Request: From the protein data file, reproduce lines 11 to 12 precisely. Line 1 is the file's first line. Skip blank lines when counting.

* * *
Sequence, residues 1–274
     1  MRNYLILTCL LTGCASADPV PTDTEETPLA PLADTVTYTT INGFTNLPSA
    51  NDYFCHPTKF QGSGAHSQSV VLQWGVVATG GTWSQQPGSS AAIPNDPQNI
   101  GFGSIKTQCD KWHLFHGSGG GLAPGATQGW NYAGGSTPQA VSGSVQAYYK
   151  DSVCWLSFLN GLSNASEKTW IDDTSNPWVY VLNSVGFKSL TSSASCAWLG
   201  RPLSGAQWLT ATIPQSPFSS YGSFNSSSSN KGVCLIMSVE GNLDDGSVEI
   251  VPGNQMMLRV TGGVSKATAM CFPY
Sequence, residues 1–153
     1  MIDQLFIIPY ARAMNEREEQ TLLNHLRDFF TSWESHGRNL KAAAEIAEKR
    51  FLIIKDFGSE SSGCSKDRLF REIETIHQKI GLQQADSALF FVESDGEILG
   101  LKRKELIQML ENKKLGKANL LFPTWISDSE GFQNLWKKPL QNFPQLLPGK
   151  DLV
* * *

   101  LKRKELIQML ENKKLGKANL LFPTWISDSE GFQNLWKKPL QNFPQLLPGK
   151  DLV